Schlumberger Limited (NYSE:SLB) recently reported second-quarter results that were less awful than expected. In fact, the case could be made that the company is really doing an exceptional job managing the downturn. That's certainly the case the company's management team made on its second-quarter conference call. In fact, CEO Paal Kibsgaard emphasized this at the very end of that call by summarizing the three key points the company wanted to drive home to investors. Here are the "three most important points" that the company's CEO wants investors to know.
1. We're having our best downturn ever
Kibsgaard began his closing remarks by saying,
[...] The market evolution in the second quarter was the continuation of what we saw in the first quarter with North America land rig count falling further and with pricing pressure increasing in both North America and International markets. In response to this, we have proactively managed what remains under our control and subsequently delivered our best cost and cash performance so far in any downturn.
Kibsgaard notes that market conditions deteriorated further in the second quarter as the U.S. land rig count dropped. He had noted earlier in the call that the drop was 40% over just the prior quarter; however, despite that plunge Schlumberger's revenue in North America only fell 27% sequentially. Not only did revenue hold up much better than expected, but margins weren't squeezed as much as in prior downturns. He pointed this out by comparing this downturn's rig count drop to the last by saying the recent drop
[...] exceed[ed] those of the 2009 downturn in both pace and size. Still, we have delivered first half decremental margins of 37% in North America and just 18% in the International Area. These decremental margins represent a marked improvement over equivalent figures from the last downturn, which were in excess of 70%, particularly as we begin to approach what we believe is the market bottom.
What he is suggesting is that while this downturn is much deeper and happened faster than the one in 2009, Schlumberger's margins have held up much better, falling only 37% compared to more than 70% last time. This is because the company has proactively managed what it can control, namely its costs, and is therefore now coming out ahead.
2. Our transformation program is working
The second thing Kibsgaard wanted investors to know was that,
[...] Our strong performance has been amplified by the acceleration of our transformation program, which is being actively implemented throughout our global organization and which has enabled us to increase pre-tax operating margins in the International Areas and maintain double-digit margins in North America.
Earlier in the call Kibsgaard reminded investors that it was one year ago that the company unveiled its transformation program, which he said was, "designed to provide a new approach to how we run our business in order to enable fundamentally better performance." It's a program that is designed to deliver better cost management, better product quality, and better service deliverability, meant to drive strong free cash flow generation for Schlumberger. It's a program that is working, as evidenced by the fact that margins didn't fall off a cliff last quarter, while the company also generated strong free cash flow totaling $4.1 billion so far this year, despite having to spend an extra half billion dollars on severance costs.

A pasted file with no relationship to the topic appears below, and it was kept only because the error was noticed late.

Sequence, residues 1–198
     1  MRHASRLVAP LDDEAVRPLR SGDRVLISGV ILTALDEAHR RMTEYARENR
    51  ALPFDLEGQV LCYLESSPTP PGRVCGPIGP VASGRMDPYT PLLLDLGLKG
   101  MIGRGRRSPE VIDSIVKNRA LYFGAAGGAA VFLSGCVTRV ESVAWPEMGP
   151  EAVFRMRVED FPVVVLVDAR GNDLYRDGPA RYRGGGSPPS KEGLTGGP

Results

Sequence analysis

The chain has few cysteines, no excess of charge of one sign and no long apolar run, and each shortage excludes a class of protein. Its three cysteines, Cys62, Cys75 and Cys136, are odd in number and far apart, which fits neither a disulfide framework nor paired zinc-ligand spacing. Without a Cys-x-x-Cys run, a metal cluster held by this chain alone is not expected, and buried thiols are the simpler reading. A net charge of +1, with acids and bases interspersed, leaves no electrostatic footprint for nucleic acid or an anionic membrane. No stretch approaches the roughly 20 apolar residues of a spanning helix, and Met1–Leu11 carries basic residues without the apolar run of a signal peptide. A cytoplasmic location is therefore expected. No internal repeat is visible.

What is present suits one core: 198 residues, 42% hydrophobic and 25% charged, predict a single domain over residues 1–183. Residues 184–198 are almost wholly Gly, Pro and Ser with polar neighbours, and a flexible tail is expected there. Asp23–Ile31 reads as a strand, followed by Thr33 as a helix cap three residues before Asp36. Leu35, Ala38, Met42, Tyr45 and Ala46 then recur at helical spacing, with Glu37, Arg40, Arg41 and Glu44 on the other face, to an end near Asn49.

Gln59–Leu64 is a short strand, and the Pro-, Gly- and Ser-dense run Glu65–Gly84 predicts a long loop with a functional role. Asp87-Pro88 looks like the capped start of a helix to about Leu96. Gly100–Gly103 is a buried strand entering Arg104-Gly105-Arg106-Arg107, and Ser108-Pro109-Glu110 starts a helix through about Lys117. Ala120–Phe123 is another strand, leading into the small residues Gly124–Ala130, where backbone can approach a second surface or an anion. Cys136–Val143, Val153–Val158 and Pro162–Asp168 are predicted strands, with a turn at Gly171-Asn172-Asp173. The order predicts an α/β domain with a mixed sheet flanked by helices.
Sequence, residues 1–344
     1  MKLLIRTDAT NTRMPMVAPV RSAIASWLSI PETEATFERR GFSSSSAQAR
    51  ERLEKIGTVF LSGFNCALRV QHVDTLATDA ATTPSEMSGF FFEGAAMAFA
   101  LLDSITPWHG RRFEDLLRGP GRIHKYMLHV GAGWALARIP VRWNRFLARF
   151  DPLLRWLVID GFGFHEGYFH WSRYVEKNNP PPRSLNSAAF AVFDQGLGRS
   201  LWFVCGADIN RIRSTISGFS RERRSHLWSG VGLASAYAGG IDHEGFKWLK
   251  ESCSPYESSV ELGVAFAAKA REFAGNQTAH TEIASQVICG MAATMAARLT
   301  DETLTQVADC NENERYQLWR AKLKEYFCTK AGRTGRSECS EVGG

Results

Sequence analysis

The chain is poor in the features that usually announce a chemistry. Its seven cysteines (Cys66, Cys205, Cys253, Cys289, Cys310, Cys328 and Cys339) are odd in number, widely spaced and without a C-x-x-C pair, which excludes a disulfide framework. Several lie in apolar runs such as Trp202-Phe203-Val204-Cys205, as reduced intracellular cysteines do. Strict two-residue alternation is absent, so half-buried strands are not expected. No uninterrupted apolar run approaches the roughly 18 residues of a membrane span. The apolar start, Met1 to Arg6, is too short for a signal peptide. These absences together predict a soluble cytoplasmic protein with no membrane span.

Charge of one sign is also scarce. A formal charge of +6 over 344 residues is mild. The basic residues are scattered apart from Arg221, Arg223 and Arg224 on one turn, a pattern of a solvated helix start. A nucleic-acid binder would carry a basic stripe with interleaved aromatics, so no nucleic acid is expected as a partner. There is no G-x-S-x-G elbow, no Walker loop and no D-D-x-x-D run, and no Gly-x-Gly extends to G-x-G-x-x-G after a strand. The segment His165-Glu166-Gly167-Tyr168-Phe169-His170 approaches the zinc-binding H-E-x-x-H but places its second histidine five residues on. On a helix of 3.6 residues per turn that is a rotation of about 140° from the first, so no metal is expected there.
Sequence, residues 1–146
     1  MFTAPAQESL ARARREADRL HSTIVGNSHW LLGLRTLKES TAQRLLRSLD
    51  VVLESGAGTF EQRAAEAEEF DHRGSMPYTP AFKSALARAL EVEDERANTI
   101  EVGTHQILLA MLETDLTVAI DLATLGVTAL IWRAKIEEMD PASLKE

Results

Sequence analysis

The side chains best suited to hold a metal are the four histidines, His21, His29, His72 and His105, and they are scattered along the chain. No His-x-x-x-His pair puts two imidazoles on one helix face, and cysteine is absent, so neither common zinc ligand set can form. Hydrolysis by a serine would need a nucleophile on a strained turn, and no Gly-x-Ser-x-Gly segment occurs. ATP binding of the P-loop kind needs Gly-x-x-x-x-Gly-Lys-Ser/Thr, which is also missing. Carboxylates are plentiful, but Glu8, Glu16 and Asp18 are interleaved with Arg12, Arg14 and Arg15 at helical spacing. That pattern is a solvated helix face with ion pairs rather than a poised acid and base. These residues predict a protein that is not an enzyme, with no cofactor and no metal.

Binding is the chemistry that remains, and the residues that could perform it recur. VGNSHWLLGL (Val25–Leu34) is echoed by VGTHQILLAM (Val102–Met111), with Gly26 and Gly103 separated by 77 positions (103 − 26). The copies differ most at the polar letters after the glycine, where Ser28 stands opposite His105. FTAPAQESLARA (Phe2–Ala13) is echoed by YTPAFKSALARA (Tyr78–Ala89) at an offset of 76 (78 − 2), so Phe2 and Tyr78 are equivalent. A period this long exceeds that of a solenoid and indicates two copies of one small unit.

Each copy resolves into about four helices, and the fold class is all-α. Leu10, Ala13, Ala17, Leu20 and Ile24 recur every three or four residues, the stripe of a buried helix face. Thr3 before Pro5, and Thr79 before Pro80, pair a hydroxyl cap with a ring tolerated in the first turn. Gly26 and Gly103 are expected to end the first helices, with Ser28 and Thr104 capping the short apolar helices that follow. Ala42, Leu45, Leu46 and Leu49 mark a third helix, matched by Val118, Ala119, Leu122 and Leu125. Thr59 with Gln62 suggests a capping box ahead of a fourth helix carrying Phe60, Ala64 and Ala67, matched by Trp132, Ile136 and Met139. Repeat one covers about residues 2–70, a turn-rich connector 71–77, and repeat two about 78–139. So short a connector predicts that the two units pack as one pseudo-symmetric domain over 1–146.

3. We see the bottom
The final point Kibsgaard wanted to hammer home was that he believes that the worst is over. He said that,
[...] We believe that we now have seen the bottom of the rig count decline in North America and that North America land activity will see a slow increase in the second half of this year while service pricing is expected to decline further in the third quarter as the fight for market share continues to play out...Based on this, the third quarter could potentially represent the bottom of the cycle in terms of earnings per share as the pace of the revenue drop is set to slow and as we continue our steadfast efforts to maximize operating margins in both North America and international markets.
From what Schlumberger is seeing from the market and its customers, Kibsgaard is growing more confident that we've now seen a bottoming out of oil and gas activity. As such, the third quarter will still be weaker than this quarter due to some follow through as the market bottoms out. However, he noted earlier in the call that he only sees revenue dropping "something in the range of 5%, 6%" sequentially, while earnings "of $0.77 [per share] is a pretty realistic number." That's welcome news as it suggests that the company's results could really accelerate as we head into 2016.
While the oil market is in the midst of one of its worst downturns in years, Schlumberger is very excited about the future. It managed this downturn better than previous downturns as it kept its cost in check while its transformation program really begins to bear fruit. Even better, the company now sees a bottom in the market and predicts an uptick in activity and its financial results starting as early as the fourth-quarter, suggesting much better days lie ahead.